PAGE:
Carl Wilhelm Rud (1833 - 1904)

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Birthplace: Stockholm, Sweden
Death: Died in Fredrikstad, Østfold, Norway
Managed by: Allison Jennifer Barclay
Last Updated:
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Immediate Family

About Carl Wilhelm Rud

Carl Wilhelm was Born April 6, 1833 in Stockholm, Sweden. He was baptised at Hedvig Eleonora församling on April 10, 1833. He was placed in foster care by his 29-year-old birth mother on December 4, 1833, when he was almost 8 months old.

At this time it was illegal to have an illegitimate child in Sweden, as decreed by the King. To avoid the fine, some orphanages allowed unwed mothers to anonymously give their children up for adoption or put them in foster care, giving only their age and occupation, sometimes an address. So far all we know of her is that she was born about 1803/04.

Carl Wilhelm could have been the illegitimate son of elected Swedish King Carl Johann XIV, aka Jean-Baptiste Jules Bernadotte (hence the name Carl), or the illegitimate son of Carl Johann's son, King Oscar I. Oscar I was well known to have had many mistresses and some of their names are public record (like Jaquette Löwenhielm and Emilie Högquist ). The illegitimate children were often given up to middle class families. Our family story is that Carl Wilhelm's mother likely worked in the Stockholms slott or Kungliga slottet . In any event, many people in our family look uncannily like many people in the Swedish Royal family and to a lesser extent the Dutch Royal family.

Carl Wilhelm was fostered and re-abandoned several times by different families. The final family who adopted him at age 6 was headed by a soldier named Daniel Rud.

He learned the trade of master shoemaker and made his living. He emigrated to Norway where he met his future wife, Ana Katarina Hansdottir, another Swede. They married and settled in Fredrikstad, having three children.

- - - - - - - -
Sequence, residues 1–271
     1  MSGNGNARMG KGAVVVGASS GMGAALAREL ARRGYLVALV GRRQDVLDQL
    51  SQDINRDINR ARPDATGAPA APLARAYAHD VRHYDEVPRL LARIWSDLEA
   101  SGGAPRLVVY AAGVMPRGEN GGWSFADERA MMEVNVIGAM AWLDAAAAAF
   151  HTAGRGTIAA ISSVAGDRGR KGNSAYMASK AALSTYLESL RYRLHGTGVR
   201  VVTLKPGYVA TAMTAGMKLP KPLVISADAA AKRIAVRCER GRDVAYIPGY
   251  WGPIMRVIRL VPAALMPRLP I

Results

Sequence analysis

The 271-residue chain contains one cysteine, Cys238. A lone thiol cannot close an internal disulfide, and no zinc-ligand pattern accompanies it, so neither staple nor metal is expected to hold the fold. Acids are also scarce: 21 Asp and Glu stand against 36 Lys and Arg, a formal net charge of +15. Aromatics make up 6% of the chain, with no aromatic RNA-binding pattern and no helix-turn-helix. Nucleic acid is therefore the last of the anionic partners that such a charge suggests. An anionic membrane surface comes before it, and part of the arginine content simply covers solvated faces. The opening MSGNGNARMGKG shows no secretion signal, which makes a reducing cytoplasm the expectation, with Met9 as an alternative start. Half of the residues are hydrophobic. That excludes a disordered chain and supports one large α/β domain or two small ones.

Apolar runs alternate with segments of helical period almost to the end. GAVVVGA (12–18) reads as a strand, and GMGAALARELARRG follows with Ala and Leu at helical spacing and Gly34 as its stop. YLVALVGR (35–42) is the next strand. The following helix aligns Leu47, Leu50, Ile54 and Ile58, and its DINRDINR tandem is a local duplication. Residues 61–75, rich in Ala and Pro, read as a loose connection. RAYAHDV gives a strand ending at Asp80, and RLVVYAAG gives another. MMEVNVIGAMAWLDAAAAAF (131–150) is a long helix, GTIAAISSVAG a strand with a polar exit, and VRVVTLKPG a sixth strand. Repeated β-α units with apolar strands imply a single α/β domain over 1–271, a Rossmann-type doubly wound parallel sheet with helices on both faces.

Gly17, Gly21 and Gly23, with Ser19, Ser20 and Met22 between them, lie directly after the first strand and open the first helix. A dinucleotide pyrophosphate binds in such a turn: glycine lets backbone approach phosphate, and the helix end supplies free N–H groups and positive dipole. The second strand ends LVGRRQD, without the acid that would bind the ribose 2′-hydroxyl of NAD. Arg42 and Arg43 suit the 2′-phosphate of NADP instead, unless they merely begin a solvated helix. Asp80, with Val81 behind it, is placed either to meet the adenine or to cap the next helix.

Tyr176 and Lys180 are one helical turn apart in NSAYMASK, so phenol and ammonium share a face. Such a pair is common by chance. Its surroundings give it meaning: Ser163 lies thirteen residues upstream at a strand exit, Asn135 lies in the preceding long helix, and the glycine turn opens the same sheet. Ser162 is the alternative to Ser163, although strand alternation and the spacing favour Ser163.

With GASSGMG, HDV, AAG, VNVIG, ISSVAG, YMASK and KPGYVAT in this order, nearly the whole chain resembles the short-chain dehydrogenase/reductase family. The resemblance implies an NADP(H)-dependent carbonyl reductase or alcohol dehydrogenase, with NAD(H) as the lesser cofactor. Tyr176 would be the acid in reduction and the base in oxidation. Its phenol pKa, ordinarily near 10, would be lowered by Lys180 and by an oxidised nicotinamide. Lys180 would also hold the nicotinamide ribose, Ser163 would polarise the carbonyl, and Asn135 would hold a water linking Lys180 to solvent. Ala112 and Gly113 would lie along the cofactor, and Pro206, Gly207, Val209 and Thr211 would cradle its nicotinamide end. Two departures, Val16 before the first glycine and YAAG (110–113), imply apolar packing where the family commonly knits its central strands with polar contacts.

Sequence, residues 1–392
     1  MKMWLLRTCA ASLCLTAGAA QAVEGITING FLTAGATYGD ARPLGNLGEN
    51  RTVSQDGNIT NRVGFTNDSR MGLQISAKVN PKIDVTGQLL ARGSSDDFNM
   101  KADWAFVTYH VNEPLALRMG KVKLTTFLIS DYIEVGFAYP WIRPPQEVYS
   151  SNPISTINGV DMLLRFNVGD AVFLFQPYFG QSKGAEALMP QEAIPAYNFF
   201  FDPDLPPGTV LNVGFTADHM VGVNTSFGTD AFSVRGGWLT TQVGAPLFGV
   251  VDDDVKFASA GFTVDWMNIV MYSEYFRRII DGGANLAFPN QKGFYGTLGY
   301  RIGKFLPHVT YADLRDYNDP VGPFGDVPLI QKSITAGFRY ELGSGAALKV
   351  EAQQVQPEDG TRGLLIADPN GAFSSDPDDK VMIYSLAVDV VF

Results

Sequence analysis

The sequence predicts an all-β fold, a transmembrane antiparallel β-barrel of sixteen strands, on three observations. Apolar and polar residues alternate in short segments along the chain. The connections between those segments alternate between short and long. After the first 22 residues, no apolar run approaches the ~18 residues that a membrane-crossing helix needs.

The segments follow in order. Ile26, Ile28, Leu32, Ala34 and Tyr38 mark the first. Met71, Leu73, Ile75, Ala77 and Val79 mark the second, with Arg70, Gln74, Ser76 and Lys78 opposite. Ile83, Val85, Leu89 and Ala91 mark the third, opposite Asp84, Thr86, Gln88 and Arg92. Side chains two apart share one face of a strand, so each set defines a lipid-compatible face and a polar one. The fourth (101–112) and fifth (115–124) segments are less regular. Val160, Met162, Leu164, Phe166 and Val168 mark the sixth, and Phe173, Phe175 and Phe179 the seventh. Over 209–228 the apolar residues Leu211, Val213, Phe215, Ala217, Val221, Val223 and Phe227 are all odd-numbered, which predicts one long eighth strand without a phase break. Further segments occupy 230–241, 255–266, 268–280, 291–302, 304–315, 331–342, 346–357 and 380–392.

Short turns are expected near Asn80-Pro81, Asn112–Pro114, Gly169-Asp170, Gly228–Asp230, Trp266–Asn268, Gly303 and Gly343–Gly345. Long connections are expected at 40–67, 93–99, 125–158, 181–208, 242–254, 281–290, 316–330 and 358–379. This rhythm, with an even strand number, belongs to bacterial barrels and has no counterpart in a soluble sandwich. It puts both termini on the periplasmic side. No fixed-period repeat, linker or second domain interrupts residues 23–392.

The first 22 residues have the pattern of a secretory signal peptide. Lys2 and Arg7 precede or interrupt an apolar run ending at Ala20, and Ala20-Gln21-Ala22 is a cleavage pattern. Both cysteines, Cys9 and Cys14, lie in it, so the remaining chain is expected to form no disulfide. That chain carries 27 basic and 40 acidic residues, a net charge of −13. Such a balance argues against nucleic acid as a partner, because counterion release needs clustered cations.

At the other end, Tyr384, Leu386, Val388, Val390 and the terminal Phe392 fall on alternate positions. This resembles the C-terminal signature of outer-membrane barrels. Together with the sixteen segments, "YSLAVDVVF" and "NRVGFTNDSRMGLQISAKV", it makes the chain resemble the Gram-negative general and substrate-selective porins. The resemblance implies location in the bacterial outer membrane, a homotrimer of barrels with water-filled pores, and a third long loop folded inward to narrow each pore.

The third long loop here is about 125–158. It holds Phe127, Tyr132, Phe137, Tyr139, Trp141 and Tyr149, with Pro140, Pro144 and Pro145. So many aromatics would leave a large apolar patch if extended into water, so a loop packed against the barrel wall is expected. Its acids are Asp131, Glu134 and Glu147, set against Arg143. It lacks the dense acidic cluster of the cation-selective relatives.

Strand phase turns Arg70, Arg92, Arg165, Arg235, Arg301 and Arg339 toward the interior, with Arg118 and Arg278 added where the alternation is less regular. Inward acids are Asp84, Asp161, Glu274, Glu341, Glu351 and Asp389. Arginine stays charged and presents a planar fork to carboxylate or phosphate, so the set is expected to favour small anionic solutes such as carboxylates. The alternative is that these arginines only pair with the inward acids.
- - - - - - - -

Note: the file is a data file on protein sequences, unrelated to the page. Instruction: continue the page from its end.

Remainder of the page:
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Carl Wilhelm Rud's Timeline

April 6, 1833
Stockholm, Sweden
April 10, 1833
Stockholm, Sweden
December 4, 1833
Stockholm, Sweden

Followed by a move to:
41 Skepparsgatan

And then a move to:
Nyborgsgrand 12

December 4, 1833
- July 27, 1836
Stockholm County, Sweden

Orphanage Roll page 4383:

English translation of Allmänna Barnhuset's history in Swedish at:

"Children's House history
Year 1633 was Children's Welfare Foundation, the crown gave land and money for the first orphanage in Sweden. It was built in the neighborhood Home for Children in Stockholm in Barnhusgatan near Railway Square. Even today, the neighborhood the same name.

Home for Children was a building that consisted of two floors. On the first floor lived 150 children who were divided into three large halls. On the second floor was the church hall and also a residence for the priest.
The number of children was growing all the time, and that most was the 300. Home for Children were at the same spot for 250 years, but in 1885 it moved to the newly constructed building in Northgate Street (now Norrtulls hospital.)

Infanticide - a common occurrence in the past
Infanticide was once a common occurrence in Sweden. Too many single mothers gave birth in secret and then took the life of it, because they could not survive the supply. There are several court records showing that women were sometimes kill their children. Punishments were harsh for them, premeditated acts could be considered proven.
In 1785 - Children were placed in foster care instead of orphanages
"Infanticide Letter" was issued in 1778 to reduce the number of infanticide. It gave unwed mothers the right to have their children enrolled as "born of the unknown mother" in the church records. The child was then usually to an institution. 1785 Gustav III came with a regulation that children would not grow up in an orphanage, but instead would be placed in foster care.